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- Friday, Jan. 24, 2020
In this issue’s preview coverage of the Directors Guild of America (DGA) Awards and the Sundance Film Festival, a couple of female filmmakers loom large, helping us keep our New Year’s resolution of accentuating the positive. So while there are no women nominees for the Best Director Oscar this year despite some deserving candidates, there are at the same time examples of progress being made in terms of diverse talent being recognized on other fronts.
On the DGA score, Alma Har’el was just nominated for Outstanding Directorial Achievement of a First-Time Feature Film Director on the strength of Honey Boy (Amazon Studios). This marked the second career DGA Awards nod for Har’el whose “Love Without Bias” commercial for Procter & Gamble landed her recognition in the commercials category in 2018. Har’el, who’s repped by Epoch Films in the ad arena, thus is the first woman in DGA Awards history to have commercial and narrative feature nominations to her credit. It’s a career which has seen Har’el also serve as an activist helping to open up opportunities for women in film. In 2016, she founded Free The Bid as a response to her own experience of the ad industry’s hiring inequalities. The Free The Bid pledge prompted brands and their agencies to include at least one woman among the three directors bidding for every commercial job. These commitments--furthered by a Free The Bid database of talent that the industry could tap into--led to measurable increases in the number of women creators considered and hired for major ads. Free The Bid has continued to evolve, looking to extend its reach as Free the Work which is designed to nurture more creators from underrepresented backgrounds, yielding new-to-the-world stories that bring diversity to creativity.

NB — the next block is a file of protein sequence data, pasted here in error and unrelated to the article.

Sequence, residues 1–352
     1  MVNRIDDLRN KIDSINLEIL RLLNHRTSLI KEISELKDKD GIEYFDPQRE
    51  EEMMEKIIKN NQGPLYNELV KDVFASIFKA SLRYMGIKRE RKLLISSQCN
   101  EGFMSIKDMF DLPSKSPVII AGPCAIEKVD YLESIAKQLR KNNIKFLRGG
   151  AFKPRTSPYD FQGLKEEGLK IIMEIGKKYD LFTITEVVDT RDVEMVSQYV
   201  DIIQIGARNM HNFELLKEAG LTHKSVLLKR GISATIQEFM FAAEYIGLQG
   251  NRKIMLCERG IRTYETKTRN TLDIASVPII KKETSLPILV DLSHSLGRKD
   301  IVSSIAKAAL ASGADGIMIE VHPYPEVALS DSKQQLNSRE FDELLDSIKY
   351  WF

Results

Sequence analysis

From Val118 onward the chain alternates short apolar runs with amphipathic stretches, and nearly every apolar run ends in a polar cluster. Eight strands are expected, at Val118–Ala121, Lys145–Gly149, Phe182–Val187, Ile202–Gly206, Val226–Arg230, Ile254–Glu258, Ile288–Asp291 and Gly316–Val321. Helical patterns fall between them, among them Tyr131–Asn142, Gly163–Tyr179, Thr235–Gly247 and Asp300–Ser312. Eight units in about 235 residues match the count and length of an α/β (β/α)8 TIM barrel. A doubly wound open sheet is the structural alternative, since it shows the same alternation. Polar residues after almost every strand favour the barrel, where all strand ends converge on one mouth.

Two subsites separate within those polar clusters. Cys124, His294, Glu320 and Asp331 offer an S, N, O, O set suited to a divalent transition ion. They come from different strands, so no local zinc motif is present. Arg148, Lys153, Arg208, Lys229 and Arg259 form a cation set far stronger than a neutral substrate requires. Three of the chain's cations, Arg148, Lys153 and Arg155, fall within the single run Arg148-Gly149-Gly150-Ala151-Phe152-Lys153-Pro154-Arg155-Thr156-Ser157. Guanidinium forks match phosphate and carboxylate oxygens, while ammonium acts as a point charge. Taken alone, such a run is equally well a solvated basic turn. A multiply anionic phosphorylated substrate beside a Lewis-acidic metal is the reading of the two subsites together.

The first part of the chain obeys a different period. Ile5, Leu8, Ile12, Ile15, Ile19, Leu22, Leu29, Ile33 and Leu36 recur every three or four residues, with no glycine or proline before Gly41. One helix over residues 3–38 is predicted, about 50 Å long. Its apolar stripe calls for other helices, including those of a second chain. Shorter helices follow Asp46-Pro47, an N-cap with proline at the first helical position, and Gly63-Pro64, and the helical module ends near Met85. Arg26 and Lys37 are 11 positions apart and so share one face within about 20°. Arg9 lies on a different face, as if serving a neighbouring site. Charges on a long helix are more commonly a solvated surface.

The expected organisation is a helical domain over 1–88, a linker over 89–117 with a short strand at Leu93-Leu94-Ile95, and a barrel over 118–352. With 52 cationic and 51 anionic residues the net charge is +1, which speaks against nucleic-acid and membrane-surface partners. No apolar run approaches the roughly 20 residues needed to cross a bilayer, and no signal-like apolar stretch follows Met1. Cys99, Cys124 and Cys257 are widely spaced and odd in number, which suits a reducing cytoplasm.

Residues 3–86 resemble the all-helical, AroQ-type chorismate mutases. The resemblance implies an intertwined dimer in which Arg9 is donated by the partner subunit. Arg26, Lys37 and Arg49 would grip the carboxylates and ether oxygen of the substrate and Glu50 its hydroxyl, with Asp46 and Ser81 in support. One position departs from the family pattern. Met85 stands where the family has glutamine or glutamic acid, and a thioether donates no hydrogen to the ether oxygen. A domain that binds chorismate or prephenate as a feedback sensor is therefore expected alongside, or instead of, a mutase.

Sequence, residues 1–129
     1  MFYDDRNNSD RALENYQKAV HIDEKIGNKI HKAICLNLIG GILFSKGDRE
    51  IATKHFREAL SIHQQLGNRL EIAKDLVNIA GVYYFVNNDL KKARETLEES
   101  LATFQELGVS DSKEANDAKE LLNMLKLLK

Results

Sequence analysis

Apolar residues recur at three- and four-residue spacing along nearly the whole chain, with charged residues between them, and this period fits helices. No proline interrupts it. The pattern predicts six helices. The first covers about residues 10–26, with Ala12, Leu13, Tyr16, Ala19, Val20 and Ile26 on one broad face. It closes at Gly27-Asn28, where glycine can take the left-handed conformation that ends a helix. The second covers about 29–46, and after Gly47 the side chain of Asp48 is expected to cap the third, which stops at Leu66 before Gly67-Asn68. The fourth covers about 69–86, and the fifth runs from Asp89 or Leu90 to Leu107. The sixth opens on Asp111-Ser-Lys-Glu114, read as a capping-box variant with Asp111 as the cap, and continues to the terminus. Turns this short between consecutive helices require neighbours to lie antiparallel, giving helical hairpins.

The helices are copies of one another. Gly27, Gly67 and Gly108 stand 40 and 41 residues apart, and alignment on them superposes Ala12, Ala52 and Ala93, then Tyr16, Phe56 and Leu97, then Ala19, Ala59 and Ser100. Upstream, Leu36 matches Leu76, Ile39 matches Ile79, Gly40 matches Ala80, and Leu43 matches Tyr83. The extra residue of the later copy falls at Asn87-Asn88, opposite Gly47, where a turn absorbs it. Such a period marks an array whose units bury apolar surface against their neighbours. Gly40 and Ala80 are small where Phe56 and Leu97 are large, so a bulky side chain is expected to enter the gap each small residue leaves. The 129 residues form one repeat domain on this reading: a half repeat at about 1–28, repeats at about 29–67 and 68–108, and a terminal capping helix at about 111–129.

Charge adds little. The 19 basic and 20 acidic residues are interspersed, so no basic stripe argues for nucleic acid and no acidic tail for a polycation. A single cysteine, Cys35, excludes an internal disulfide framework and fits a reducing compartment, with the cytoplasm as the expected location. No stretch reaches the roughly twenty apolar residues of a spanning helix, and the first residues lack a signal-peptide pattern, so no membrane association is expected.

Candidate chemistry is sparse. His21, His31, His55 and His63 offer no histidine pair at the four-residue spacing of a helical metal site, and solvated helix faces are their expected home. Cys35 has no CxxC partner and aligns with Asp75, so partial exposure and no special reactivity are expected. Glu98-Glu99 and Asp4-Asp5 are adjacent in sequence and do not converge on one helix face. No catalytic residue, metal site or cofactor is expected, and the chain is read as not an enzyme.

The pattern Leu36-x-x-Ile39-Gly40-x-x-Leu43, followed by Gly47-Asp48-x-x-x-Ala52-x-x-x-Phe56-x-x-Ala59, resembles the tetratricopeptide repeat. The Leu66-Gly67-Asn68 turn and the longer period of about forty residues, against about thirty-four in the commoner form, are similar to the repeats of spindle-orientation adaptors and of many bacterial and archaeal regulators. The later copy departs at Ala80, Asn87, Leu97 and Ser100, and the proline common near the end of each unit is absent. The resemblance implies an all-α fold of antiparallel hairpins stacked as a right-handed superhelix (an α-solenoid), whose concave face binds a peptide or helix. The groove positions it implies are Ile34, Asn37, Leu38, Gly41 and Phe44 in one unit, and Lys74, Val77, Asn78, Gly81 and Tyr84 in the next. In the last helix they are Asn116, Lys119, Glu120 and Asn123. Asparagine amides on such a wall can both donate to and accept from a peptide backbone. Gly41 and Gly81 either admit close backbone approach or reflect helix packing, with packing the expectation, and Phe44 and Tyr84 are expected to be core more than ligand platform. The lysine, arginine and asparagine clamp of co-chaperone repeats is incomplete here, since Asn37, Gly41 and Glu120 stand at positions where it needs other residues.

As for Sundance, director Crystal Kayiza--who’s handled by Little Minx for spots and branded content--had a short selected for the festival for the second consecutive year. In 2019, she made the Sundance cut in the Documentary Short competition with Edgecombe. And this year she’s back in the docu short lineup with See You Next Time, which provides a window into the relationship between East Asian and African-American women. In-between those two tours of Sundance duty, Kayiza saw her Edgecombe earn her a slot in SHOOT’s 2019 New Directors Showcase unveiled at the DGA Theatre in New York.
At press time, Kayiza was working on another short that might evolve into something bigger as she looks to diversify into the narrative space.
So with 2020 getting underway, our hope is that the preview coverage of the DGA Awards and Sundance is also a harbinger of more such coming attractions with women not only gaining opportunities but also recognition for their directorial endeavors.